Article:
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Academic Skills for Psychologists

University of Warwick

Department of Psychology 2019/20

Module Code:

PS116

Module Name:

Academic skills for Psychologists

Module Credits (CATS):

18 CATS



Module Convener

Jagjeet Jutley-Neilson

Module Teachers

James Tresilian; tba; library team; careers team



Module Aims

To provide students with basic academic skills needed to succeed in a Psychology degree course. Topics will range from the practical (how to navigate an academic environment) to the theoretical (an in-depth look at the concept of 'evidence' in science) and will cover core course-related academic skills (how to efficiently and critically dissect original research papers, how best to communicate scientific content). Throughout the module, the emphasis will be on developing a coherent skill set based on critical thinking and a deeper understanding of empirical psychological science.



Learning Outcomes

By the end of the module, students should be able to:

  • Understand the difference between learning, teaching, and assessment methods in schools versus higher education
  • Understand the importance of academic integrity and demonstrate appropriate referencing techniques in psychology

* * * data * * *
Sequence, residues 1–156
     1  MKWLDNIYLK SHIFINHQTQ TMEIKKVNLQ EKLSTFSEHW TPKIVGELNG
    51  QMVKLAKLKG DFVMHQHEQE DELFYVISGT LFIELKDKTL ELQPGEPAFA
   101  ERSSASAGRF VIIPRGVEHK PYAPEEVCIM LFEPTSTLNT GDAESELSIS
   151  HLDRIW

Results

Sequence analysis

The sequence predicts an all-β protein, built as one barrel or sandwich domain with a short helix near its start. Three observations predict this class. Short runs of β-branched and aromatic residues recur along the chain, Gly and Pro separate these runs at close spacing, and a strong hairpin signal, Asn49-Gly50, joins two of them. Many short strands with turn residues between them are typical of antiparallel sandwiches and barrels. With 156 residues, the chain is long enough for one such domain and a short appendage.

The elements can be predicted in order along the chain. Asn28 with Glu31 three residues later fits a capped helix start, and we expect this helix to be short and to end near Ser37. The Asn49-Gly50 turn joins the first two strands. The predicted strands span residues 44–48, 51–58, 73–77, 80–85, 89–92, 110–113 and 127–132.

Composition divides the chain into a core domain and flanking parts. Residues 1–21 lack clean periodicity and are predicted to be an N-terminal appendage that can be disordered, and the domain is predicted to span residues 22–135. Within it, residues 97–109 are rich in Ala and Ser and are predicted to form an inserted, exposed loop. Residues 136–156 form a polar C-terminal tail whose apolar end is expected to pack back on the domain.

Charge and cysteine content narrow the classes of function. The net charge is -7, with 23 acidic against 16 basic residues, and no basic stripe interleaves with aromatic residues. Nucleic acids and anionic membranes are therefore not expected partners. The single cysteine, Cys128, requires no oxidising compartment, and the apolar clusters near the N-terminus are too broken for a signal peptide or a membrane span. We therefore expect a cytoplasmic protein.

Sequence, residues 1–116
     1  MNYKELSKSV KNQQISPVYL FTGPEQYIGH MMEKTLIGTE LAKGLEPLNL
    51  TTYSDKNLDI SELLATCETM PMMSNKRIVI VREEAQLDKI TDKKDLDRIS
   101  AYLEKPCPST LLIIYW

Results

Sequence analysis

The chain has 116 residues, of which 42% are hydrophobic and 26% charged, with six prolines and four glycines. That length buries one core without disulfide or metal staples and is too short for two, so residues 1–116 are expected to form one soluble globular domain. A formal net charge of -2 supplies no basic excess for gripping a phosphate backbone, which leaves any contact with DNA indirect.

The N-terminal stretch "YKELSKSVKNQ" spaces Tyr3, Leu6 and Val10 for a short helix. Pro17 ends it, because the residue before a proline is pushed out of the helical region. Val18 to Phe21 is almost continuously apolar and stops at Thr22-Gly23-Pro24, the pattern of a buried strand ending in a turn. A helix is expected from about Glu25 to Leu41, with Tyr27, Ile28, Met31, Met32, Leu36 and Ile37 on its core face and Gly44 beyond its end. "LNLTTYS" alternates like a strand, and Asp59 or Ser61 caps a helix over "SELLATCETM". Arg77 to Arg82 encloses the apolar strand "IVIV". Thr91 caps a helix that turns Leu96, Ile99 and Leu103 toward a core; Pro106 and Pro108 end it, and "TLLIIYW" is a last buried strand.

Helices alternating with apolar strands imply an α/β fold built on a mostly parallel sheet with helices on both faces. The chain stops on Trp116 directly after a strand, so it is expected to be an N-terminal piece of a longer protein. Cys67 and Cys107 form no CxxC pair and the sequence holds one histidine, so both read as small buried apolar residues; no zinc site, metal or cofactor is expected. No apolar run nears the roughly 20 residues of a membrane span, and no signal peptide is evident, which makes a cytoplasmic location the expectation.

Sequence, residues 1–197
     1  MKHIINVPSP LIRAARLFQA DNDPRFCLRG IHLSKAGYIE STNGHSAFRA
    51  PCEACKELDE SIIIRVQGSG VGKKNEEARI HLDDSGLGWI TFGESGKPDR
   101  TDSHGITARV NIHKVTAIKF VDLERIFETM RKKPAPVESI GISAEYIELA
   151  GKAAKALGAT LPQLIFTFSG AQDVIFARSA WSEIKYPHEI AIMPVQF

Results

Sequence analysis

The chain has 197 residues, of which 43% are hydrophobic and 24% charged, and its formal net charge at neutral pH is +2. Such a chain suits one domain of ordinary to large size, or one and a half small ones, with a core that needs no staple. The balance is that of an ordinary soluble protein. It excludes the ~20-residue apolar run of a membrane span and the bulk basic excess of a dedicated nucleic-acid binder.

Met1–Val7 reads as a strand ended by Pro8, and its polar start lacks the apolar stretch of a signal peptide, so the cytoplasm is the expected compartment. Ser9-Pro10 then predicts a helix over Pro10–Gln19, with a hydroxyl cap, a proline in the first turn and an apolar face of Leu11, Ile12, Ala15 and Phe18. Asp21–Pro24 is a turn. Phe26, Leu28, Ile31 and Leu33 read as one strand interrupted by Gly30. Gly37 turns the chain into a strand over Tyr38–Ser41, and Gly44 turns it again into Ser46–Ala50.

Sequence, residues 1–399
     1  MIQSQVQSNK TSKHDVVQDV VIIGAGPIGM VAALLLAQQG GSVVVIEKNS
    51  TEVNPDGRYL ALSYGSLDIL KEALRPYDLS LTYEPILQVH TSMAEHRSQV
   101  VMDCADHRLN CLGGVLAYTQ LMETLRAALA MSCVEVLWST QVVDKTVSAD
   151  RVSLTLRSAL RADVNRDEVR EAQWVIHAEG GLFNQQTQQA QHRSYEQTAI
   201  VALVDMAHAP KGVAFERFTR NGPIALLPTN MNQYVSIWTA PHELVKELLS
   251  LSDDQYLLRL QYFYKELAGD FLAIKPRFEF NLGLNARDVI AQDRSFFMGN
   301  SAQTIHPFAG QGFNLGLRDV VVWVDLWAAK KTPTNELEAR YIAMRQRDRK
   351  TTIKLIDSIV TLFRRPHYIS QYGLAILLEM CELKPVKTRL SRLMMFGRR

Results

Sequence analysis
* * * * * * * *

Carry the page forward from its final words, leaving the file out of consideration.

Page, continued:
• Understand the basics of scientific thinking, and how they apply to Psychology as a scientific discipline
  • Critically evaluate empirical and theoretical scientific texts and communicate the outcome effectively
  • Understand the basic logic of empirical and qualitative research.

Assessed by:

L01 assessed by assessment 4

LO2 assessed by assessment 1

L0 3-5 assessed by

Assessment 2, Article Critique and

Assessment 3, Online Moodle Test



Module Work Load

Module Length

20 weeks

Lectures

1x 1-hour lectures per week

Seminars

1 x 1-hour seminar/workshop per week

Attendance

All lectures and seminars are compulsory

Module Assessment

Assessed work: online test

25%

Critical review

25%

Online test

25%

Resource creation

25%

Module Reading List

Talis link here

  • Ogden, J. (2019). Thinking Critically About Research Abingdon : Routledge
  • Karpicke, J.D. (2012). Retrieval-Based Learning: Active Retrieval Promotes Meaningful Learning. Current Directions in Psychological Science, 21, 157–163.
  • Credé, M., & Kuncel, N. R. (2008). Study habits, skills, and attitudes: The third pillar supporting collegiate academic performance. Perspectives on psychological science, 3(6), 425-453.
  • Mehrabian, A., & Wiener, M. (1967). Decoding of inconsistent communications. Journal of Personality and Social Psychology, 6, 109-114
  • Mehrabian, A., & Ferris, S.R. (1967). Inference of attitudes from nonverbal communication in two channels. Journal of Consulting Psychology, 31, 248-252.
  • Alexander, G. M., Wilcox, T., & Woods, R. (2009). Sex differences in infants’ visual interest in toys. Archives of Sexual Behavior, 38, 427-433.

  • Hood, B., & Willatts, P. (1986). Reaching in the dark to an object's remembered position: Evidence for object permanence in 5‐month‐old infants. British Journal of Developmental Psychology, 4, 57-65.

Reading will be given in the lectures and be made available on the module webpage